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Senegal Tries to Prevent Terror Attack by Rounding Up 900 People for Interrogations

After a series of deadly attacks by militants in West Africa, authorities in Senegal reportedly questioned hundreds of people over the weekend.
Photo by Nic Bothma/EPA

Authorities in Senegal interrogated more than 900 people over the weekend as part of increased efforts to prevent attacks by Islamist militants following a series of deadly attacks in the region, the country's police revealed on Tuesday.

The former French colony has a reputation for stability in an otherwise turbulent region. There has never been a major militant attack in the West African country, despite the fact that it shares a border with Mali, where al Qaeda-linked fighters have been active in desert areas for years.


But two high-profile attacks targeting foreigners in the capitals of Mali and Burkina Faso since November have added to signs that an Islamist insurgency is spreading, prompting Senegal to boost security.

"Nearly 900 people were called in for questioning in the context of the security campaign led by national police amid the terrorist threat," said police spokesman Henry Boumy Ciss, referring to a three-day span in the capital Dakar and the nearby city of Thies.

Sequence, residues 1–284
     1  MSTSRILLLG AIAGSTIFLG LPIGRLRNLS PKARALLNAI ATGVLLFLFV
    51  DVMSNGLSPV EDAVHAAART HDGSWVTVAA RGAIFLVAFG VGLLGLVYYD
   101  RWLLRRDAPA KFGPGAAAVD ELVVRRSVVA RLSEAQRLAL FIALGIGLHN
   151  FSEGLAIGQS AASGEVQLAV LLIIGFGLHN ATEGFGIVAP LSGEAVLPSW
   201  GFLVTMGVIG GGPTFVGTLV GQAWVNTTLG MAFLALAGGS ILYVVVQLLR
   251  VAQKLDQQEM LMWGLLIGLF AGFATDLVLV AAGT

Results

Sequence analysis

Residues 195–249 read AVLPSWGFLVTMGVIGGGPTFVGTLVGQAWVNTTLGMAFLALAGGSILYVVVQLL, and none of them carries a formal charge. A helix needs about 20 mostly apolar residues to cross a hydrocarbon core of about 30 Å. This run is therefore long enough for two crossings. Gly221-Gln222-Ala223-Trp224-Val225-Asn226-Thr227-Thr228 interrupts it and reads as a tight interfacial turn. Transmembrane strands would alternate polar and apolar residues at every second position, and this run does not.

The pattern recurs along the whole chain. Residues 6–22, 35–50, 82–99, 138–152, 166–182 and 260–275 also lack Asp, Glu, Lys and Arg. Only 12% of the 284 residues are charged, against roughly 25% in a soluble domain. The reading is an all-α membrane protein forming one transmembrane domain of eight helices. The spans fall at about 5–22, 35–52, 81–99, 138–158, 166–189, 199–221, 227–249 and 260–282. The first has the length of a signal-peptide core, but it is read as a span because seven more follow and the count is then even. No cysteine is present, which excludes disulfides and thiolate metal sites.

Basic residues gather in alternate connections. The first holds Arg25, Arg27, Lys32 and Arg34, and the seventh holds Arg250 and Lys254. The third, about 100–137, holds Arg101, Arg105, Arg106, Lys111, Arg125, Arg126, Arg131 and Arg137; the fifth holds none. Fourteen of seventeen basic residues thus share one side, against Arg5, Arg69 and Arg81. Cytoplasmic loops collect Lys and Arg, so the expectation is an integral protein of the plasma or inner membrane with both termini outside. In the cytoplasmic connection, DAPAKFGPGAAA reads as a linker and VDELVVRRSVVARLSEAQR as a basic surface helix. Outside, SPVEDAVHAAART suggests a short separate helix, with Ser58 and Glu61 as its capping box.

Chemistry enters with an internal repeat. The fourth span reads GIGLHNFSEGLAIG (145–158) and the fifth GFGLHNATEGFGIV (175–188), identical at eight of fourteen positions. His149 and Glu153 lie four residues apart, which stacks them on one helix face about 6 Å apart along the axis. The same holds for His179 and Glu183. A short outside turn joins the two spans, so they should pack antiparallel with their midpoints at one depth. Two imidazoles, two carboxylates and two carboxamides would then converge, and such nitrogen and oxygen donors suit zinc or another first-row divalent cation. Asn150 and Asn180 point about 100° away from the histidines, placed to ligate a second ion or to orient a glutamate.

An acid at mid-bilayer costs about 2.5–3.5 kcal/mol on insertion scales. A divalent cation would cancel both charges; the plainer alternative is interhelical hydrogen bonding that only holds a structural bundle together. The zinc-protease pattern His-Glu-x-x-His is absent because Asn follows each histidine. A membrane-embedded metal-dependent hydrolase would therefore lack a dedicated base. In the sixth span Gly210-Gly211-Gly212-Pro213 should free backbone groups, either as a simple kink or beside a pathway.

A second security source confirmed the information, adding that 925 people had been questioned. Ciss said those interrogated were not targeted because they were terrorism suspects, but as part of a general vigilance campaign. Most were subsequently released but some were held and charged with a range of crimes not related to militant activity, such as drunkenness and traffic offenses, he added.

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Seydi Gassama, executive director for Amnesty International in Senegal, said that police were authorized to conduct such operations provided there were government instructions. However, he said the group will closely watch for any potential rights abuses in the heightened security context, given a history of police excesses.

French officials allegedly issued warnings to governments in Senegal and Ivory Coast saying that militants were plotting to wage attacks in West Africa's cities, Bloombergreported last week. According to Reuters, diplomats have denied rumors of a specific threat to capitals of Dakar and the Ivory Coast capital of Abidjan, both major West African hubs for Westerners working in the aid, diplomacy, and financial sectors.

"We want to avoid an unnecessary psychosis among both Americans and Ivorians," the US embassy in Abidjan said on Sunday, urging citizens to remain prudent.

There are signs of heightened security throughout the urban centers of Ivory Coast and Senegal. Police officers stop and search vehicles near Dakar's beachside restaurants, while armed guards have been conducting patrols through Western-style shopping centers in both capitals.

In early November, security forces in Senegal detained seven people, including four imams, on accusations of having ties to extremism, including the financing of terrorism and money laundering. The arrests came out of a lengthy investigation by the country's authorities.

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